Kem Weber and the rise of modern design in Southern California

May 2009 | In the fall of 1926 Barker Brothers, then the largest furniture retailer in the United States, opened a striking new shop on the fourth floor of its eleven-story building in downtown Los Angeles. The new “store-within-a-store,” christened “Modes and Manners,” was the brainchild of the young designer Kem Weber (Fig. 2). It was not only the first outlet for modern furniture and accessories in Southern California, but also one of the first such shops in the country. “When, at some future date,” an anonymous reporter for Good Furniture Magazine wrote the following year, “the history of the American modernistic furniture movement is written, the Barker Bros. store in Los Angeles and its designer, Kem Weber, will undoubtedly be recorded as among the early leaders in its development.”1

Over the course of the next decade, Weber would work ceaselessly to promote modernism on the West Coast. His remarkable furniture would play a central role in popularizing the new movement and broadly influence California—and all of American—design of the era (see Fig. 3).

Modes and Manners was a marked departure for Barker Brothers, which up to that time had exclusively featured period revival furnishings in its five stores.2 The opening of the shop came precisely at the moment when interest in the new “art moderne,” awakened by the Exposition des arts décoratifs et industriels modernes in Paris in 1925, was beginning to gain a foothold in the United States. Still, there was stalwart resistance to the new design modus; even many supporters voiced skepticism about whether the trend would last.  Weber, though, was convinced not only that he could find a ready market for modernism in Southern California, but that the new design would eventually supplant period furnishings, and he worked tirelessly to make the venture a success.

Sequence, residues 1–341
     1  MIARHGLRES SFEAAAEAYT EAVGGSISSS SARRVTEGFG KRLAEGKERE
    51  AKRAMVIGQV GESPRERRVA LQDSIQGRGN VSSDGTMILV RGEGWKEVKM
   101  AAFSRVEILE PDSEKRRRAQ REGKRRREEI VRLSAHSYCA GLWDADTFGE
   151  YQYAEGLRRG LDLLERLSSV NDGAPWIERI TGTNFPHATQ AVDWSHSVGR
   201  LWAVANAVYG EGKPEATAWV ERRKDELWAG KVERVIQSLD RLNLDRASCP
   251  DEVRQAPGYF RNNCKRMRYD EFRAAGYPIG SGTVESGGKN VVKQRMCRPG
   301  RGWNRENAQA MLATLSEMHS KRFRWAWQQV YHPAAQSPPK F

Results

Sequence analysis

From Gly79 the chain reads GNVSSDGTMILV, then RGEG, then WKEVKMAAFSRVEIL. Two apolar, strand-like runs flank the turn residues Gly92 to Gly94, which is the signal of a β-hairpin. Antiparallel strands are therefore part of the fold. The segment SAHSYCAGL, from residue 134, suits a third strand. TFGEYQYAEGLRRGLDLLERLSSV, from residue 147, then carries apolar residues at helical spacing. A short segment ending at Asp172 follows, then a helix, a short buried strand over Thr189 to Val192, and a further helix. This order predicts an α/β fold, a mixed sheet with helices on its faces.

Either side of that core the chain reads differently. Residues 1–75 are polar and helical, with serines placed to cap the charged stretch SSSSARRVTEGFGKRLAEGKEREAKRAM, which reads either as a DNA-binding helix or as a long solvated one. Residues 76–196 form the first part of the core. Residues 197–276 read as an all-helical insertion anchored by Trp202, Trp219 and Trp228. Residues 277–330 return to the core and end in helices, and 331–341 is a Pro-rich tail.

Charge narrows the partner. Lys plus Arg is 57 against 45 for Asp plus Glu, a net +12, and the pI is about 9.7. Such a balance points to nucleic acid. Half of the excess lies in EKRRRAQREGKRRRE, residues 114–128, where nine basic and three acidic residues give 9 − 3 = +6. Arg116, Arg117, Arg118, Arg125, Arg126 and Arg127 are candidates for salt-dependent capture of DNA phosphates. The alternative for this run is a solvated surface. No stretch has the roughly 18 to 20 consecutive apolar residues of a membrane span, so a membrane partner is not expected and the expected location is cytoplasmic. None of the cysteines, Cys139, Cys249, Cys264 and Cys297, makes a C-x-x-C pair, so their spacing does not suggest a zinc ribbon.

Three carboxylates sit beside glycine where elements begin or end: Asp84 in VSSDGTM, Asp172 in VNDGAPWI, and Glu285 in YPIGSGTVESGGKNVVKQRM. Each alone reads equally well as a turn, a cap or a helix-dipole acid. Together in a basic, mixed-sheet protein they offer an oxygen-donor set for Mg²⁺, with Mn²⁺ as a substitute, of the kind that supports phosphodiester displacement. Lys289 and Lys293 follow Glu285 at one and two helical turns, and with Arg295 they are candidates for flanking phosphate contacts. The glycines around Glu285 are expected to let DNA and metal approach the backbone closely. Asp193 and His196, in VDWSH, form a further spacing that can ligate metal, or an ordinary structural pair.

Like almost all the modernists in Los Angeles in the 1920s, Weber was a transplant to the city. He was born Karl Emanuel Martin Weber (in his twenties, he began using his initials as his first name) in Berlin in 1889. After serving as an apprentice cabinetmaker in his teens, he studied architecture and interior design with Bruno Paul at the School of Applied Arts (Kunstgewerbeschule) in Berlin and later worked in Paul’s architectural office. In the early summer of 1914, he traveled to San Francisco to supervise the building of the German Pavilion for the Panama-Pacific International Exposition, but when the war erupted in Europe in August, he found himself stranded in the United States.

For the next several years, Weber eked out a living. He jobbed for an advertising agency in San Francisco and operated a modern design studio in Berkeley. But after the sinking of the Lusitania tipped American sentiment against Germany, Weber, facing strong prejudices and unable to find clients, was forced to work as a lumberjack in the High Sierra. Toward the war’s end, he operated a chicken farm in Los Gatos with his young wife, Erika. In 1918 they moved to Santa Barbara where Weber taught art classes and opened a small factory in an old church to produce modern and period furniture. Weber, though, found only modest success. When, in 1921, Barker Brothers, impressed with his work, offered him a position in their design department, he jumped at the opportunity.